NPR recently reported on a new program that Iowa has implemented to try and change the behavior of those who have been convicted of domestic violence. The 24-week program was created by Amie Zarling, a domestic violence researcher at Iowa State University. It is called Achieving Change Through Values-Based Behavior, or ACTV, for short.
Unlike accountability-focused classes that are currently used in most states, ACTV “teaches that when most people get violent, it's because they don't understand their own emotions.” One exercise that was done in an ACTV class involved having domestic violence offenders hold a piece of ice in their hand for several minutes. The course instructor then asks the offender how they felt while holding the ice. According to NPR, “[t]he hope is that by getting abusers to recognize and tolerate uncomfortable feelings – like a freezing cold ice cube in their palm – they can stop themselves before they explode into rage.” By recognizing their feelings, they have a better “situational awareness.”
Exercises are just one part of the course; NPR reports that “[m]ost of the ACTV class time is spent on discussion, talking about the participants'' values and how the decisions they make can get in the way of the lives they want.” The offenders are taught that thoughts and feelings are temporary but that “impulsive actions driven by emotion can have long-term ramifications.”
This program is a departure from the widely used Duluth Model. This model came about in the 1980's and “teaches that abuse grows from broader societal issues, including poverty, racism, and misogyny” and “focuses on changing the power dynamic between men and women, encouraging offenders to take responsibility for their actions and then replace domineering thoughts with respectful ones.”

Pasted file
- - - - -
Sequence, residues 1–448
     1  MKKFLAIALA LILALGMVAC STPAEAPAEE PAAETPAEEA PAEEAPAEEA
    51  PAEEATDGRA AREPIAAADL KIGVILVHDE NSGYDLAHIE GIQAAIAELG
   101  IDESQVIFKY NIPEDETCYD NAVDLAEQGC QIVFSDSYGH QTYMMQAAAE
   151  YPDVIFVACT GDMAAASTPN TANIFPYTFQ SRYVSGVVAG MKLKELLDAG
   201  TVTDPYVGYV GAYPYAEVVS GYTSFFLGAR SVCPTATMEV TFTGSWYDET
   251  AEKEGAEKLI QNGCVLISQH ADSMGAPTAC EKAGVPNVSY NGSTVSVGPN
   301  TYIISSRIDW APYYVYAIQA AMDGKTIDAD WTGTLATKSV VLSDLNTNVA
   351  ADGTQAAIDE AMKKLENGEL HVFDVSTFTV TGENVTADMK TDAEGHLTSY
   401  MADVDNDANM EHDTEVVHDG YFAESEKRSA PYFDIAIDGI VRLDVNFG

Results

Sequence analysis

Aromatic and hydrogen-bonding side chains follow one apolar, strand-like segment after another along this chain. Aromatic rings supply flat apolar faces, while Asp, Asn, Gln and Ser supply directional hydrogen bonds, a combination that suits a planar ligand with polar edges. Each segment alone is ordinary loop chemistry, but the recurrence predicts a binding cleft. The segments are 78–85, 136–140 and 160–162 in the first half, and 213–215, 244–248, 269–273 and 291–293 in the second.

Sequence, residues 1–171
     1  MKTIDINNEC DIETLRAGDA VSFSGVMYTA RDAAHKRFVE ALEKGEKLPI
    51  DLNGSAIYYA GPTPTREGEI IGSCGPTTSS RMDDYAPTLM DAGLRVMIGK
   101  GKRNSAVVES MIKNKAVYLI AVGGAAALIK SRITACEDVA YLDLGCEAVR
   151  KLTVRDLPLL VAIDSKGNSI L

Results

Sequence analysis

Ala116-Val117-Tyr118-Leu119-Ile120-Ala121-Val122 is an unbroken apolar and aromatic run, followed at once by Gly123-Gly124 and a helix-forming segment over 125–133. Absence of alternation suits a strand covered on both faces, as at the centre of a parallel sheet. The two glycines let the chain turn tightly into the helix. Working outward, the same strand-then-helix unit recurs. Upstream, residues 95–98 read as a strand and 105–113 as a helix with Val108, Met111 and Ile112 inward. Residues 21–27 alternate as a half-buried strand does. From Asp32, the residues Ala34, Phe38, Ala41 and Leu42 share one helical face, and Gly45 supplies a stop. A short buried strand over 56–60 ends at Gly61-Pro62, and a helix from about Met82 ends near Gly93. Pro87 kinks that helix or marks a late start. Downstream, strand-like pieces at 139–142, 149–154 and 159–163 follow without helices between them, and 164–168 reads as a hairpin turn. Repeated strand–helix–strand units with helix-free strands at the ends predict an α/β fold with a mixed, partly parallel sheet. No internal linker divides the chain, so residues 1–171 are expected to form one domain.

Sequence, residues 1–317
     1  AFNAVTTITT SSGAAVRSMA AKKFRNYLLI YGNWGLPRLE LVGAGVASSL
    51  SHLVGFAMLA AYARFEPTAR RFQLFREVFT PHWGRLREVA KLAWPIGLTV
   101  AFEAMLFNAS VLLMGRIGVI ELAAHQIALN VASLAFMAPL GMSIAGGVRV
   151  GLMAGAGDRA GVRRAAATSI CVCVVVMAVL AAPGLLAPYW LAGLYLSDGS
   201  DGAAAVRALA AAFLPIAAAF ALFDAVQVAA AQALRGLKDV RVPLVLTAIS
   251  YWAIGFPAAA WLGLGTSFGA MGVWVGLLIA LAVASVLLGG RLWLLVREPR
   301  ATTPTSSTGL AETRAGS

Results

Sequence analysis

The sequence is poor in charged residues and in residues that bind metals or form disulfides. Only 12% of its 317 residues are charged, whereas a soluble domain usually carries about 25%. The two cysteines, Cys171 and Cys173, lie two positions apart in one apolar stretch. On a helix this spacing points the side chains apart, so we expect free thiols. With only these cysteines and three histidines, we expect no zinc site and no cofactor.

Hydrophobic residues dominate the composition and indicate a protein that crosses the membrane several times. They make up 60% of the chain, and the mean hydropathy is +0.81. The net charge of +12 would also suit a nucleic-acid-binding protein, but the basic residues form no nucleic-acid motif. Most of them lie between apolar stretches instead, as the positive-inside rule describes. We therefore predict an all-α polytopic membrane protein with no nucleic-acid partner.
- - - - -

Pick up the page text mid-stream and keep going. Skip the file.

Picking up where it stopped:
However, ACTV's creator doesn't think this approach works. She stated that “the theory about the root causes of domestic violence may be correct in many cases, but addressing societal issues isn't effective at the individual level.” She stated that “changing someone's thoughts is impossible.” Rather than asking offenders to change what they are thinking, her program asks offenders to “respond differently to their thoughts.”
The program was implemented throughout Iowa after the results of a study conducted by Zarling.(Though she expressed concern there wasn't enough research yet, the director Risk Reduction for the Iowa Department of Corrections is confident that switching to ACTV was a good idea.) The study compared two groups of men, one participating in ACTV and one in the previous curriculum. The results showed that “[i]n the 12 months after they took the classes, the ACTV participants had about half the rate of new domestic violence arrests . . . and they were about a third less likely to commit any new offense.”
Some of those who have participated in the program believe it has helped them. One participant stated that “he's more self-aware and is learning new ‘mind tricks' from ACTV.” He believes that the class is making a difference and has noticed changed in other areas of his life, like at work, as well. A program facilitator also stated that the things he has heard the most is people asking why they had never heard anything similar before and that these skills would have been useful when they were younger.
There are detractors, however, as one victim advocate group pointed out, there haven't been any studies conducted yet concerning how the program helps victims of abuse. But this may soon change. According to NPR, “ACTV recently received a nearly $392,000 research grant from the Department of Justice,” and some of that money, according to Zarling, will go towards the impact the program has on the victim.
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